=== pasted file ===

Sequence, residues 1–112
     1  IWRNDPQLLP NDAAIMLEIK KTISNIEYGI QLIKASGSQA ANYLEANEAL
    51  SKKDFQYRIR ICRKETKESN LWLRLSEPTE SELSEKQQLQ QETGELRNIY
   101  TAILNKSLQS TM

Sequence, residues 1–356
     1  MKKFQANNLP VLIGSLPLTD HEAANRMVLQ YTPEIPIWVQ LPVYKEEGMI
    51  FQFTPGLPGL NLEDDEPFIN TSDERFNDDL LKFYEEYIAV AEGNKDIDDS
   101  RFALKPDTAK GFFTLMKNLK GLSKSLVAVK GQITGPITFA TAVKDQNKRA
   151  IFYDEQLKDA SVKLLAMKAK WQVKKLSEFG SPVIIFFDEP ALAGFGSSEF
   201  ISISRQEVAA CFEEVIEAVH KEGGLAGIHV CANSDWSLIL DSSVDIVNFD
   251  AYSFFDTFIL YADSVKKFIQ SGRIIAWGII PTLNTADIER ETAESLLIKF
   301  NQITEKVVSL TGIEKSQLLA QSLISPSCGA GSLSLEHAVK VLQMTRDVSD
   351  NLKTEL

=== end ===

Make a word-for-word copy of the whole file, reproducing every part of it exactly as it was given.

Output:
Sequence, residues 1–112
     1  IWRNDPQLLP NDAAIMLEIK KTISNIEYGI QLIKASGSQA ANYLEANEAL
    51  SKKDFQYRIR ICRKETKESN LWLRLSEPTE SELSEKQQLQ QETGELRNIY
   101  TAILNKSLQS TM

Sequence, residues 1–356
     1  MKKFQANNLP VLIGSLPLTD HEAANRMVLQ YTPEIPIWVQ LPVYKEEGMI
    51  FQFTPGLPGL NLEDDEPFIN TSDERFNDDL LKFYEEYIAV AEGNKDIDDS
   101  RFALKPDTAK GFFTLMKNLK GLSKSLVAVK GQITGPITFA TAVKDQNKRA
   151  IFYDEQLKDA SVKLLAMKAK WQVKKLSEFG SPVIIFFDEP ALAGFGSSEF
   201  ISISRQEVAA CFEEVIEAVH KEGGLAGIHV CANSDWSLIL DSSVDIVNFD
   251  AYSFFDTFIL YADSVKKFIQ SGRIIAWGII PTLNTADIER ETAESLLIKF
   301  NQITEKVVSL TGIEKSQLLA QSLISPSCGA GSLSLEHAVK VLQMTRDVSD
   351  NLKTEL